Make sure you’re aware of all the fees and charges involved in equity release too. For more information, read our guide Costs of equity release explained. If you decide to go ahead, the released equity will be transferred directly to your mortgage lender, and if there is any money remaining after your mortgage has been paid off, this will be paid to you to use as you wish.
When you’re choosing an equity release provider, make sure it’s a member of the Equity Release Council. Products provided by its members must, for example, provide you with the right to remain in your property for life or until you need to move into long-term care. They also offer a ‘no negative equity guarantee’, so that you can never owe more than the value of your property even if property prices fall.
Alternative ways to reduce or pay off your mortgage
As mentioned above, there are a variety of other ways that you might choose to repay your mortgage. Which is most suitable will depend on your personal circumstances, but some options include using existing savings, overpaying your mortgage, or drawing money from your pension to pay off your mortgage in retirement. Alternatively, you may want to release equity by downsizing or moving to a cheaper area to raise a cash lump sum. Read more in our articles Should I overpay my mortgage?, Six alternatives to equity release and Five questions to ask yourself if you’re considering downsizing.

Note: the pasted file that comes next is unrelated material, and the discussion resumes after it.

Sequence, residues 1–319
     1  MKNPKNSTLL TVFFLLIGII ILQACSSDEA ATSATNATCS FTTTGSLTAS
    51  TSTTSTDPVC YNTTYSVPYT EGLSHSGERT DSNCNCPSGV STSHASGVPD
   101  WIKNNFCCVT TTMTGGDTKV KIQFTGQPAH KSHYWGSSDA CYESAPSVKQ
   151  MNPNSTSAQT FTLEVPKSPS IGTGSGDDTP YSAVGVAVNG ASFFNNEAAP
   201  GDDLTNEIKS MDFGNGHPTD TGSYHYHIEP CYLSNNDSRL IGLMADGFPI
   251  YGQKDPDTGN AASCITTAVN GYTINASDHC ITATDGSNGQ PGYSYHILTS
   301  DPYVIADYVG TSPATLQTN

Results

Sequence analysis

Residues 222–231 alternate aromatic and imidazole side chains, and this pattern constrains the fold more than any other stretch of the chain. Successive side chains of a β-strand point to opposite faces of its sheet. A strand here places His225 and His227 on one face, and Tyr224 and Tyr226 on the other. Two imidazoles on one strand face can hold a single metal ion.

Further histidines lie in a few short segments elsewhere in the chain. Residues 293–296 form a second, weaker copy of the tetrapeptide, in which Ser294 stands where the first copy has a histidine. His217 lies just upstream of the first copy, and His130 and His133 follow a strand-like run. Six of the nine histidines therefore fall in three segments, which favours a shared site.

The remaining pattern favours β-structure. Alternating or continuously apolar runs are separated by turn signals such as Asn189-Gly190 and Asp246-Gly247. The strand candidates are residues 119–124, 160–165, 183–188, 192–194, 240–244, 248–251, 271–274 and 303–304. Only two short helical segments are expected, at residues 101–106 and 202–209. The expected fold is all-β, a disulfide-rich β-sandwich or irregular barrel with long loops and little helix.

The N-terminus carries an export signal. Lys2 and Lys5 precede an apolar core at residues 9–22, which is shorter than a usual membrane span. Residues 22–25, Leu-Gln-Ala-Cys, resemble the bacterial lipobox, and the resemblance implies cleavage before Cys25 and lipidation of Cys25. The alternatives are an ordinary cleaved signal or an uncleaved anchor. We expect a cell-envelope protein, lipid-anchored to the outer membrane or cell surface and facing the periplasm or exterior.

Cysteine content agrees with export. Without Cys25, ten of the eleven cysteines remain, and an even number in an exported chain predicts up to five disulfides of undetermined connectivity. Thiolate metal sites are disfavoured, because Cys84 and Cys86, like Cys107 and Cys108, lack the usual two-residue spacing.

If you’re currently sitting on your lender’s standard variable rate (SVR) you can look around for a new deal to help lower your repayments. You may choose to remortgage to a standard mortgage, or a retirement interest-only mortgage, for example. You can find out more in our guide Mortgages for over 50s: What you need to know and How retirement interest-only mortgages work.
You could also consider putting any spare cash towards paying down your mortgage rather than putting it in a savings account. You can find out the pros and cons of overpaying your mortgage in our article Should I overpay my mortgage? You could potentially save thousands of pounds in interest and reduce your mortgage term by doing so.
Most importantly, if you’re struggling to pay your mortgage, don’t panic, as there are options you can explore to reduce the pressure on your finances and avoid putting your home at risk. Find out more in our article What can you do if you can’t pay your mortgage?